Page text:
synchronizers sync generators. encoders. decoders
transcorders. distribution amplifiers and routing switches
Novacards have the Ilexibihty of plugging into either a computer or one of lour NovaChassis Thal hold from one to 15
modules Novaeards fit into an IBM or compatible expan-
with
WV-F700
7.69
12.19
8.59 /1520
10.29 51560
v
sarn, ys('01
'
Master Broadcast (In Bop
U -malte
8.59
9.59
BSC
7.29 PCA15
8.69 rCA60
KCArS
PBC 2650 Player
Dynamic Tracking (DT)
More than 90 minutes c' :
:site Mete
or Oxide cassettes
mihmle Color picHigh -speed picture sears,
tures at up to 10 times nonnai speed in forcar0 and reverse
(24 times normal speed In monochrome)
Two longitudinal audio channels with Dolby Glype NR
Equipped with RS-422 9-pin serial interlace
Built-in Time Base Corrector with advanced high quality
digital dropout compensator
Optional BOR-50 provides remote control of the TBC
Built -in LTCNITC'User Bits reader, and character generator
V9-1' component signal outputs via BNC or 17-pin
VIR
Betacam DUB connectors A.
Optional BKW-7020 per.
Double Coated
Metal Evaporated
Metal Particles
P630HIAc
P660HMP
P6120HMP
AVAILABLE
VIDEO PROCESSING SYSTEM
ST -120
8
RUSH SERVICE
nONI
Betacam SP -2000 PRO Series
M221 Hi
OVERNIGHT AND
BTS
1
.
(24 HOURS):
800 -947 -9928
PROFESSIONAL VIDEO TAPE J
ST -30..
FAX
BSG -50
Blackburst/Sync/Tone Generator
5.89
Ja
BO
Certified Professional S-VHS
Ilan
LOLUX erode dllovn shouting menus lout were previous., in,pussibre due to
Box)
6.69
13.59
6.09
7.39
ST -31 BO
ST-126
BO
SONY
HI-8 Professional Metal Video Cassettes
P6-30 HMI',
P6-60 HMPX
P6-120HMPy
;
7.99
11.49
15.49
5.79
8.19
11.09
PR
T301
Series Professional Grade
2.39
VHS
2.59
.
2.79
PM Series Premier Grade Pralesoonal VHS
3.49
3.99
11201'M
BA Series Premier Hi -Grade Broadcast VHS (In
1
159
-300A
4.09
h
-'
KCA -10 BRS
KCA -30 BP
a
8.29
8.19
9.69
'
KCS -20 BITS
B.99
9.69
13.49
KCA -20 BPS
A
-6c. 05S
NBA 3/4" U-matis Broadcast Master On Box)
huh,
"'
KCA-10 XBR
KCA -30 XBR
8.79
9.29
11.99
-
BOP
311 U-matic
SP
KCS-
KSP -S10 (mini)
KSP -10.
KSP -30
OCT
9.59
10.09
12.99
Metal Betacam
BCT-5M (small
BCT-20M Ismalb
BCT-60ML
SP
16.39
21.29
3119
-
1019
10.69
15.69
Broadcast (In Box)
GSnS20
sachtler
-nmm
'SP-20
RAP 60
11.09
11.59
16.99
Broadcast Master (Bop
HCT-10M Ismalb
SCT-30M Ismadl
BCT-90ML
17.39
23.29
51.99
269
CSG -50
color bars lu color black aller 30 yr 60 seconds Easy and
nt for producing tape leaders and striping tapes
convenient
corelor bars and black
Front panel selection of full-held or SMPTE color bar patterns or colorblack (blackbursu video output
Includes crystabcontralled. KH7. Odo audio tone output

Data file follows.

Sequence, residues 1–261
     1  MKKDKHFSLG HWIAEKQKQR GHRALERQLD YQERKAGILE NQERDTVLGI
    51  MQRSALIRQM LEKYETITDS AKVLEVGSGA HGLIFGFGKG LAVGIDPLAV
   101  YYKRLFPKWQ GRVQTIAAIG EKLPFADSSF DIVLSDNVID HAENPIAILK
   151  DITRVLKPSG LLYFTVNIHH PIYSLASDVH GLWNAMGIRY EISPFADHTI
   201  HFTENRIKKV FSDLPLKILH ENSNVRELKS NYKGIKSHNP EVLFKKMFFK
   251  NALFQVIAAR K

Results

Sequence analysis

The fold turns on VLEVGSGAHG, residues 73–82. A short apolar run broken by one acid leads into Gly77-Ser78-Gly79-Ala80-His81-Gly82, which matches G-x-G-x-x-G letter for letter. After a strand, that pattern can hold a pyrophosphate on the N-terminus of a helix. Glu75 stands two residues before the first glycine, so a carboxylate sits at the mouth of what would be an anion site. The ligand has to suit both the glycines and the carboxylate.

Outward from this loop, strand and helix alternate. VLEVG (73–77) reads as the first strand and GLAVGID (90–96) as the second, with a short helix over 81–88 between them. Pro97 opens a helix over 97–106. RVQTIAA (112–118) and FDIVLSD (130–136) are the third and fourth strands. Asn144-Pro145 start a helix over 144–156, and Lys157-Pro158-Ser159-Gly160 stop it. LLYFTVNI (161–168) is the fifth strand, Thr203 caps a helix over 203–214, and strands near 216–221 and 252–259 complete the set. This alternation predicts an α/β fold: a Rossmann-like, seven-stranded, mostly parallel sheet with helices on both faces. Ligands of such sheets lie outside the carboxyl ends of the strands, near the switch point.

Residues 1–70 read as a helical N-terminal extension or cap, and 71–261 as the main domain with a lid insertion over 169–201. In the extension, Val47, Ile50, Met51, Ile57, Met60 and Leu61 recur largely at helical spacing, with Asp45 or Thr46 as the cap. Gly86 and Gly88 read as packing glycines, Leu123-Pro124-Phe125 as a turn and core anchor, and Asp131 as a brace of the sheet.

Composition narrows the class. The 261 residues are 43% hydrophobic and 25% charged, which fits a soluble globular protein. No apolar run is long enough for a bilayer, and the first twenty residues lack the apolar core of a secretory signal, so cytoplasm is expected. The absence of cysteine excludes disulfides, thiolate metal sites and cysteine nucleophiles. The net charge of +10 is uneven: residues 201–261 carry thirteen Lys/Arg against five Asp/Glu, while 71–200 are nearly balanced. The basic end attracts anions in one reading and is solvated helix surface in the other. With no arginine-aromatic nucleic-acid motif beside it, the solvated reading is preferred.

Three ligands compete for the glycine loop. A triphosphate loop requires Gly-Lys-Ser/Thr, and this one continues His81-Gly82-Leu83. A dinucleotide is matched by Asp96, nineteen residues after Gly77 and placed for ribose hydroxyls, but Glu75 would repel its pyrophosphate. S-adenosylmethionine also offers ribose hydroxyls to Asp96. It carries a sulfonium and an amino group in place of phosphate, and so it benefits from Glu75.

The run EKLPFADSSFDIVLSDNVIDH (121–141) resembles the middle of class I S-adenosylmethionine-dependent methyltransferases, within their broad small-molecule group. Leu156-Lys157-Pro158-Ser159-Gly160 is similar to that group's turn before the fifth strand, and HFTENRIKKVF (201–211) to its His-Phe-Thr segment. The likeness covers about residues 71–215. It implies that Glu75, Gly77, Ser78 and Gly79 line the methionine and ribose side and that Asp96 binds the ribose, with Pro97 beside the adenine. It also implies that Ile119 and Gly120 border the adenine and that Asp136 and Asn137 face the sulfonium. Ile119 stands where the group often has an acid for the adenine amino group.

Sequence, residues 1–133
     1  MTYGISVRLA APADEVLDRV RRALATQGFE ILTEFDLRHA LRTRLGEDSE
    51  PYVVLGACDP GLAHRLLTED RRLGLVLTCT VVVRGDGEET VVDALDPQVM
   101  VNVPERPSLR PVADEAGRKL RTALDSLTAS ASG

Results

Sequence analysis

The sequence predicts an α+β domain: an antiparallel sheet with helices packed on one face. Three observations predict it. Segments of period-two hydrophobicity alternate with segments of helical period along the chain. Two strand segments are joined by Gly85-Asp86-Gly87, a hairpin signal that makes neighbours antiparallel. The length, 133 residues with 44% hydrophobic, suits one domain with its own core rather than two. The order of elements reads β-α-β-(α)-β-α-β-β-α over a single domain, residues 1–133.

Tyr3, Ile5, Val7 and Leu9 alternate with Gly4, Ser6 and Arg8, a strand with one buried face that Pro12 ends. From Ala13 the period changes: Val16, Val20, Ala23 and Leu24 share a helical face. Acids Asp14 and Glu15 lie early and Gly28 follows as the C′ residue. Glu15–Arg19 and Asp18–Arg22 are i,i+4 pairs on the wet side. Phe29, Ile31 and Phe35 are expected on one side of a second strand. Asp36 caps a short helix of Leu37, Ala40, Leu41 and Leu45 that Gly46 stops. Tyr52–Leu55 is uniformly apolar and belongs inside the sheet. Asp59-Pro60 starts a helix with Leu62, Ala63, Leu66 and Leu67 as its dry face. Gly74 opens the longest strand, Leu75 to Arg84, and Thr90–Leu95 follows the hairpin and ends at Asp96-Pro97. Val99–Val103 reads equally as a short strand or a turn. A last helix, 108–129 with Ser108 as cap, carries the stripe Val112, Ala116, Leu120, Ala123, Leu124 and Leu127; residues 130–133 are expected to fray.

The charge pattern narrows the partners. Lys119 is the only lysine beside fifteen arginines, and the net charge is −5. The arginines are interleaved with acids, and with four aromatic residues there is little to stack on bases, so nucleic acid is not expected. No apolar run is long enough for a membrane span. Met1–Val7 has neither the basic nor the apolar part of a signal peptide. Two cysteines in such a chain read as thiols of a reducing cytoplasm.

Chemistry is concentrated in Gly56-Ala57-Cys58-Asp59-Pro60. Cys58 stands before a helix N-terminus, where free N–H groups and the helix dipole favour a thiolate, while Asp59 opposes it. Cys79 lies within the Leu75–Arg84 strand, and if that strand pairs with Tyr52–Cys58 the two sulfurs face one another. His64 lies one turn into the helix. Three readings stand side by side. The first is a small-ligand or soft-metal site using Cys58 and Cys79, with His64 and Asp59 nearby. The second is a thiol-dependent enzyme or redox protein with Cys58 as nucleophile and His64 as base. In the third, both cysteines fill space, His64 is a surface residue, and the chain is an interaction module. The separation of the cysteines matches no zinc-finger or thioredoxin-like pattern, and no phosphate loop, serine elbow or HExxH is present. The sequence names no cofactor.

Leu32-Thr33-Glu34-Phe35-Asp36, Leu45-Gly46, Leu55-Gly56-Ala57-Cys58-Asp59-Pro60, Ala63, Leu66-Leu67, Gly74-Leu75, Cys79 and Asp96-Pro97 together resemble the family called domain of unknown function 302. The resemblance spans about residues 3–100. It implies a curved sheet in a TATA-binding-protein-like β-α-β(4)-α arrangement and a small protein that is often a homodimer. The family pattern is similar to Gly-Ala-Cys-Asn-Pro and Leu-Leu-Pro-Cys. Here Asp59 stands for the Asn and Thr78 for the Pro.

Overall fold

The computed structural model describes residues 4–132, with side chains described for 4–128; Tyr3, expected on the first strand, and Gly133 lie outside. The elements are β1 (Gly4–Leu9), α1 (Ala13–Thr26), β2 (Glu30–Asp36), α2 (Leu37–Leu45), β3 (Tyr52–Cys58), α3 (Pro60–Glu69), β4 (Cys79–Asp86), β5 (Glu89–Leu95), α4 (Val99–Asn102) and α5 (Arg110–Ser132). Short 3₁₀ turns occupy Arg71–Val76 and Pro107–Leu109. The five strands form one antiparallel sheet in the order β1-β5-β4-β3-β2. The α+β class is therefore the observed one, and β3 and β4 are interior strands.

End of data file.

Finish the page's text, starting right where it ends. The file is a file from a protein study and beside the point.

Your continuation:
0010.15 video. sync ref frame. I KHz 008
Audio lone switches to silence and color bars change to
black whom using 3000 second limer
VIDEO 14/100 FLUID HEAD
mom
. eauiomem niees
Color Bar/Sync/ Tone Generator
4,89
8.39
orda
dly
Bop
7.99
.
co.tlollls generators iBLs.
operate
edit controllers
cameras and
VCRs Cameras
Now a video pulse outputs
6
4 ync
op Now available
composite nc.
Each sync output indwIdually
composite blanking.
ue. or V-drive
ui
Separate buffer for each output-maximum krgnd
IKHt.OUB nieawayh audio lane output locker I
nse to meet
Oatnuts can easily he
toped
Bop
3/4 Umatic Broadcast Standard (In Box)
KCS10 BRS
light
ce vrro equivalent
aen
an
u
Mir
provides
an addh
electronic
of 4dB pus
o
plus a JVC pierltreadout system
Y
Donal 6dB together
theys provide 3 0dB vnlhout the noise and picture degradation normally associated with IhiS much gain
g
Excellent color balance is maintained even down to t S lux illumination
Shooting Mode metre you cnty
only nave to zoom. locus and
Equipped win, Vanable Scan afunction inns allows makes ace
antic¢ scan it
a
screens
are controlled ode
conly
pr cisesofter computer scretos
record
cord An other
in 256 acre
nom .
eats
of a sec
(Automatic Level Contrail tinuouse coelee
shootingrAall (ghtomels
sate
meats to fir
be see
a -print
snootrng mall light inters This brloht continuous automatic
dramatic 4 -porn) liar elects
effects Users can also
Star later creates
id Dramatic
shoottng tram dark
to bright outdoors
gives pf
select Iron, amory Segeof90451stIreers
Lowe sportios 01
to
Advanced
The es in
cInsranid
Weighting
Advanced Memory System IAM5151ore5 customizable settings
the desire The
Automa
the center and Dole portions of roe
lust 1shooting condemns
Automatic nusual
IAPB) provides mtelhpente
and
Mtge lights
Uses lose 12o watts of power with camera
to iolkne
ignore ucircuitr dxten
objects sues
such
to eel operation
ugh
viewfinder
time can
allocated m
t to dark dynamic
Auto knee circuitry extends
by
a scene's
detail enhancement through me
adjustable
cote) and Detail
without overexposure
enu
Camera Setup
Has large 15umch viewfinder
der with 500 lies of esolu%n and
Docks directly lo JVC BR -54220 BR- S411UB and BR- S42000
SMPTE color bars Status system provides audio levels. accuprotessional S-VHS recorders Model KY -27 UPCH docks
mulated or remaining recordng lime and VTR operation Also
h' wB and Betacam
battery voltage and caner., .emit 'tide pattern end an ^^ rind
lighting
4.79
120HÁ
1
MO Master Quality S-VIHS (In
BRS
.
Vibrationless remcal and horizontal brakes
Built n bubble for horizontal leveling
ato
n, de range of tripods series 100
Sadder Touch and
Go System
Integrated Sliding battery plate
Strengthened dynamic counter,
Frictionless leak proof fluid r.
levels of drag
r,..
_
1
HOT POD TRIPOD SERIES
f
Especially developed for use in ERG the Mot Pod tripod y tnu'astest ill vie vmdA The central locking